12. Senate (105) Upper house “Red Chamber” Appointed by the governor with advice by P.M. Prime ministers normally choose members of their own parties to be senators 30 years of age (min) 1/5th the cost of the House of Commons Average age 65 Many Senators have more than one job Each district of Canada receive 24 senators Canadian Parliament

  13. Canadian Parliament cont. • House of Commons (308) • Lower house • Elected by popular vote (single member, “first past the post”) • Serve 5 year terms • Country divided into electoral districts with each getting a seat • Most bills originate in HC

  14. Quebec • Given the province's heritage and the preponderance of French (unique among the Canadian provinces), there is an ongoing debate in Canada regarding the status of Quebec and its people (wholly or partially). • Prior attempts to amend the Canadian constitution to acknowledge Quebec as a 'distinct society' – referring to the province's uniqueness within Canada regarding law, language, and culture – have been unsuccessful; however, the federal government under prime minister Jean Chrétien would later endorse recognition of Quebec as a distinct society. • The Quebec sovereignty movement (French: Movement souverainiste du Québec) is a political movement aimed at either attaining independent statehood (sovereignty) or some degree of greater political autonomy

  15. Meech Lake Accord (1987)

  16. Canadian Government • “Her Majesty's Government in Canada” • A constitutional monarchy that is also a parliamentary democracy and a federation • Queen Head of State • Queen Elizabeth II; sovereign and head of state; gives “repository” to executive power, judicial and legislative

  17. Executive Branch • Prime Minister: Stephen Harper (22) • Prime Minister Head of Government • Appointed by the governor general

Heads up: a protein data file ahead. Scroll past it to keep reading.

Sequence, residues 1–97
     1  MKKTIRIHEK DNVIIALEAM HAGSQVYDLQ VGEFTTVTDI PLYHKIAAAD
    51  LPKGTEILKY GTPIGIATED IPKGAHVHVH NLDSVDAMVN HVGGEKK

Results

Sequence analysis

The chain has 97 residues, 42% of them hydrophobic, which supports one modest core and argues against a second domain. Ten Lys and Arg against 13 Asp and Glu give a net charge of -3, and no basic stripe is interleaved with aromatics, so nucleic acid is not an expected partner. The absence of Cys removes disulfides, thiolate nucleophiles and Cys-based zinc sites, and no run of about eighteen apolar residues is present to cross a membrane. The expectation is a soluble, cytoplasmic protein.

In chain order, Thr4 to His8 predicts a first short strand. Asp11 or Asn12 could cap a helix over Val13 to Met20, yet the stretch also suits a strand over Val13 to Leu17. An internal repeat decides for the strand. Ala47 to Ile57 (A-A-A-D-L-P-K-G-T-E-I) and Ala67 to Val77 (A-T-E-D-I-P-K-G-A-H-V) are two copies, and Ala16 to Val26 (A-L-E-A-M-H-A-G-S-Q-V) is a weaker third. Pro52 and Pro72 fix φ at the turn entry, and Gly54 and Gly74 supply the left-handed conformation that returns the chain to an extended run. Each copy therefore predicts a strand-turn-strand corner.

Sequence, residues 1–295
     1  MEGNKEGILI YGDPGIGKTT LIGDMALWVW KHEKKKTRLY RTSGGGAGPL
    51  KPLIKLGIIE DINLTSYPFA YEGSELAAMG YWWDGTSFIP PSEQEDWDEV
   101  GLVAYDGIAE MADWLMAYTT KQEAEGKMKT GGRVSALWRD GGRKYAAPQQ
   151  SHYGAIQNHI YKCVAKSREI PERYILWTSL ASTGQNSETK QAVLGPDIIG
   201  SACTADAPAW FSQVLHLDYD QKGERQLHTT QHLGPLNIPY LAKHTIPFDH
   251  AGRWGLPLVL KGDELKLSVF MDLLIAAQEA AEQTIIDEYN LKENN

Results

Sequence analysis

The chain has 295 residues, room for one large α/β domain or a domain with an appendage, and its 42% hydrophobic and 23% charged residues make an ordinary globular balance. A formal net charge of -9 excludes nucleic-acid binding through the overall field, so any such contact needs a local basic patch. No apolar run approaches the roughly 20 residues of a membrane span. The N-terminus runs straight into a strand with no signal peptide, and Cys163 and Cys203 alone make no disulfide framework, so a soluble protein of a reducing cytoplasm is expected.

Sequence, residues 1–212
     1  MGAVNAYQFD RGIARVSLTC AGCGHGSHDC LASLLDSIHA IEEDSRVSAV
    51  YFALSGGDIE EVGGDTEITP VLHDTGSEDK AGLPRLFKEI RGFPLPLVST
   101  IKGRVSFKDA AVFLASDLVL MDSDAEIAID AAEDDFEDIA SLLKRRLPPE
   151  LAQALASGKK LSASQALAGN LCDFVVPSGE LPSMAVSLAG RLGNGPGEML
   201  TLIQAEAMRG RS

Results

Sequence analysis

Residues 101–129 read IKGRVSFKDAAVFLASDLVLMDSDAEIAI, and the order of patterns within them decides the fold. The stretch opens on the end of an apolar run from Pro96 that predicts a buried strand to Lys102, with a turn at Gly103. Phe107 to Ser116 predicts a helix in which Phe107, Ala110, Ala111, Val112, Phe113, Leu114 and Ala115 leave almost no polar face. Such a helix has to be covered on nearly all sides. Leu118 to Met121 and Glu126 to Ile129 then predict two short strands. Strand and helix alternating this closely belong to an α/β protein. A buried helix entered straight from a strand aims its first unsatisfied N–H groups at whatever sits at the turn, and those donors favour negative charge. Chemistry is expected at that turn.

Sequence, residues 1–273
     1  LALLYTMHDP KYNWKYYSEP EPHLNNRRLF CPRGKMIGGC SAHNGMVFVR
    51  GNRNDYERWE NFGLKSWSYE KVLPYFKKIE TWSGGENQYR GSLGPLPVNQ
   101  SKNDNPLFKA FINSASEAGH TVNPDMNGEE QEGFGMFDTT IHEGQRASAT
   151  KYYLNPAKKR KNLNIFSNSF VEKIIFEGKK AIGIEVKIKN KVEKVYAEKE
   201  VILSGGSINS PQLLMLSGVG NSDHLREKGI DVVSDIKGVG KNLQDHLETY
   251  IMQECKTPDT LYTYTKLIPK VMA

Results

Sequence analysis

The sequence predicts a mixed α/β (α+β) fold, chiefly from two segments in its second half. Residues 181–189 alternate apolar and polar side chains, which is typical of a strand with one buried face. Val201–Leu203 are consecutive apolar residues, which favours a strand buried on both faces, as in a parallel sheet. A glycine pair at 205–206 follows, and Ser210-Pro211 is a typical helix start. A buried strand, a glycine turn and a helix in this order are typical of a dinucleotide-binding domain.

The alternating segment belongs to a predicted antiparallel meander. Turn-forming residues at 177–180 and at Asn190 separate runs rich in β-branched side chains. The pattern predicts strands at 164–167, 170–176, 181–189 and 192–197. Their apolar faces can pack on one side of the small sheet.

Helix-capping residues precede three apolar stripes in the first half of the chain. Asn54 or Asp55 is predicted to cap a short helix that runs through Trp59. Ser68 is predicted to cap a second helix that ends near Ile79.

18. Executive Cont. • Queen appoints Governor General; selected on advice of prime minister • Governor General: Michaëlle Jean • Governor General has no term limit; representative of the queen • Governor General elects his “Ministers of the Crown”

  19. Government departments and structure • Significant departments include Finance, Revenue, Human Resources and Skills Development, National Defense, Public Safety and Emergency Preparedness, and Foreign Affairs/International Trade.

  20. Prime Minister • Office is not outlined in any document in the Constitution • Executive authority is formally vested in Canadian Sovereignty • British prime minister ship, although fully developed by 1867, was not formally integrated into the British constitution until 1905 • Prime Minister is the head of the Political party that holds the most seats in the house of Commons

  21. Governor General • Head of State of Canada • Michaëlle Jean is the holds the current office • The monarch appoints the Governor General on the advice of the Canadian Prime Minister, after which the Governor General maintains direct contact with the monarch. • There is no specific term.

  22. Bill of Rights • The Canadian Charter of Rights and Freedoms (also known as The Charter of Rights and Freedoms or simply the Charter) is a bill of rights entrenched in the Constitution of Canada • the first part of the Constitution Act, 1982. • guarantees certain political and civil rights of people in Canada from the policies and actions of all levels of government

  23. Bill of Rights cont. • The Charter was preceded by the Canadian Bill of Rights, which was enacted in 1960 • One of the most notable effects of the adoption of the Charter was to greatly expand the scope of judicial review, because the Charter is more explicit with respect to the guarantee of rights and the role of judges in enforcing them than was the Bill of Rights.

  24. Judiciary • Has the power to strike down laws that violate the Constitution • Nine members are appointed by the Governor General on the advice of the Prime Minister and Minister of Justice. • All judges at the superior and appellate levels are appointed after consultation with non-governmental legal bodies • Common law prevails everywhere except in Quebec, where civil law predominates